Until now, third parties have usually stepped in to alleviate the expense and maintenance issues by leasing the equipment to the owner or even renting the space for their own equipment and repaying through rent or providing some discounted electricity. The companies sell the rest of the electricity back to the grid.
Third parties are also dominant in the supply of demand response, or electricity provided to the grid by contracted parties using less of it at certain times, usually peak periods. The supply source has great potential. A study released this summer by federal energy regulators shows demand response could free up and "provide" 188 gigawatts -- 20 percent -- of the nation's power supply at peak times. And the supply source has made remarkable progress in markets on the East Coast, including ISO New England and PJM Interconnection.
A third party provides the necessary energy management system and a payment to the volunteers -- usually large buildings or commercial users -- for lowering their demand, while it aggregates the energy savings and sells that "supply" on the market against traditional supply from traditional coal, gas and other generation.
In the past, utilities have outsourced demand-response programs to third-party companies like EnerNOC Inc. and Comverge Inc., but recently, utilities have been bringing those services back in-house.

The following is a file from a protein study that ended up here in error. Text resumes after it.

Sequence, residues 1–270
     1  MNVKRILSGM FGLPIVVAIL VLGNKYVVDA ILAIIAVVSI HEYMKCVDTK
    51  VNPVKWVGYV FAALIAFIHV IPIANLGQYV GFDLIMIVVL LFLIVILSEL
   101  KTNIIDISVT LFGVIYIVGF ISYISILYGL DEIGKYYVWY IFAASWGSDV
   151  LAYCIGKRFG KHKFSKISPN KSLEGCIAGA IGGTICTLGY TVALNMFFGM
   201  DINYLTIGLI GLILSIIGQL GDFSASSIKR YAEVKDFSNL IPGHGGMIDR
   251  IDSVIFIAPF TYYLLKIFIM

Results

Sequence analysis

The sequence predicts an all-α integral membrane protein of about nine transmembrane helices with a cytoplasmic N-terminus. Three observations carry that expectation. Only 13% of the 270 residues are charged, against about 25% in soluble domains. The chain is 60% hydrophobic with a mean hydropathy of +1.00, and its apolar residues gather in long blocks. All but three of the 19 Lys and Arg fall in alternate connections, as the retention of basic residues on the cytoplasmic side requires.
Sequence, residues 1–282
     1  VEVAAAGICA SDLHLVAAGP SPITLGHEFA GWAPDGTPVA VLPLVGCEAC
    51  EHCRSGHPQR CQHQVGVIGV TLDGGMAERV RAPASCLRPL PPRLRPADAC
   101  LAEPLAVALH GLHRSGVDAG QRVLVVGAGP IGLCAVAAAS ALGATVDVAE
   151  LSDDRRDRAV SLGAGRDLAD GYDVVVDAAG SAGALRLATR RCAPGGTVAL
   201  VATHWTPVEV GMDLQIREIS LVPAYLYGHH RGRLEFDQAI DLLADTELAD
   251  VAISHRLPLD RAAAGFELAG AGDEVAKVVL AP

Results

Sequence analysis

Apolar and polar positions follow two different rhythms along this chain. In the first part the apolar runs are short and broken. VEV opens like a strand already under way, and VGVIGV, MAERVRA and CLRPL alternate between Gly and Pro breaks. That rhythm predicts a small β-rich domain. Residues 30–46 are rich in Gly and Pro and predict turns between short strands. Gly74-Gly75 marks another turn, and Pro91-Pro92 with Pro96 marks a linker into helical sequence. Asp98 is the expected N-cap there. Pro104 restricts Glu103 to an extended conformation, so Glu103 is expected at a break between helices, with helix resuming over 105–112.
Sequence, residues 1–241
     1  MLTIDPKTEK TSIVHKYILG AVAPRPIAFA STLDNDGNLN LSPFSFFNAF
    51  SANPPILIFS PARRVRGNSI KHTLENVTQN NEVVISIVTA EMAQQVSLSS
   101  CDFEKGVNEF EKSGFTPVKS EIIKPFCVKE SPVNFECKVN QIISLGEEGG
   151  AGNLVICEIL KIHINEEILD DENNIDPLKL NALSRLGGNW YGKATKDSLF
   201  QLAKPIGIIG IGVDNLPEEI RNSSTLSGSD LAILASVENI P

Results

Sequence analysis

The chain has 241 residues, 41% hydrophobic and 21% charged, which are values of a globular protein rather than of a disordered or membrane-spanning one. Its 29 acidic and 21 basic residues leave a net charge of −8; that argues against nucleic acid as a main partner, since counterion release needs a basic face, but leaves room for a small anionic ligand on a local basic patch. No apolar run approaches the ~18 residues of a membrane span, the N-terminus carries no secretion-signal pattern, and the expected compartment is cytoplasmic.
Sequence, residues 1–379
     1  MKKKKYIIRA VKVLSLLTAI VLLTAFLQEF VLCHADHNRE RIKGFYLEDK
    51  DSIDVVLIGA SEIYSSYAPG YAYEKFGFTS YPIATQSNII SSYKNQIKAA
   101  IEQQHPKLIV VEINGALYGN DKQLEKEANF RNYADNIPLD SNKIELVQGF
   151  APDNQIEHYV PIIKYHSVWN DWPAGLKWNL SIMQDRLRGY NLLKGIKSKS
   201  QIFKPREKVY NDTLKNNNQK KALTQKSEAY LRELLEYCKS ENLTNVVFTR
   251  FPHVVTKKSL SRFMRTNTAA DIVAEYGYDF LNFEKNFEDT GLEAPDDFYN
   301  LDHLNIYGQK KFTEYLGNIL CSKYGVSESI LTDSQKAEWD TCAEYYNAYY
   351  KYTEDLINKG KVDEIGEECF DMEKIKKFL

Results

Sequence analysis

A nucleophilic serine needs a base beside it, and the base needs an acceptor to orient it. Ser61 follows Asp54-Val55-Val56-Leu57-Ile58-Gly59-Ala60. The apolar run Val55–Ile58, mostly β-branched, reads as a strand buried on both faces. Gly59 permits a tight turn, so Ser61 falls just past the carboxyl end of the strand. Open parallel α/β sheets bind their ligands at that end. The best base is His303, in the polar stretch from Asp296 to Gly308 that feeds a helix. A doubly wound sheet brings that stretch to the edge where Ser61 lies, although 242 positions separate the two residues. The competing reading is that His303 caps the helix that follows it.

"Utilities ultimately should be able to play in these end-use added-value functions," Graves said. "I do think they have better economic opportunities than other parties. If third parties are asked to do it, my impression is that they turn back to the utilities and say, 'We need to know a bunch of stuff in order to get it done,'" he said.
Ultimately, third parties also cannot provide the reliability of utilities, said Gabriel of RW Beck. Unlike many consumer choice products -- cell phones or cars, for example -- whose loss can be merely annoying, the loss of electricity can be devastating.
"We want to be off the grid, unhook from the grid, but what if there is an emergency?" Gabriel said.
KEMA's Grant said utilities should be compensated for the high level of reliability they supply. "Technology developments will put in a certain level of self sufficiency, but there is going to be a capacity charge convenience just in case that mechanical device fails," Grant said.
"At the end of the day, I can go back to the grid if I need power. For that privilege, we should pay a charge."
Recession buys time
The recession has provided utilities with an opportunity to consider their next moves as capacity margins have eased and construction costs have gone down.
But, Graves cautioned, "That bigger problem hasn't gone away. It just has been pushed out a couple of years."
The financial squeeze and rapid technology changes are also pushing utilities to partner with other companies, EEI's Owens said.
Companies that lack renewable energy expertise are looking to work with those that have it. Utilities are working with other utilities, third parties or financial industry partners to pay for new power plants or other infrastructure. And utilities are also turning to long-term contracts with independent renewable energy companies rather than owning and financing the new power sources themselves.
Said Owens, "You are not going to have the traditional, vanilla utility."
Reprinted from Greenwire with permission from Environment & Energy Publishing, LLC. www.eenews.net, 202-628-6500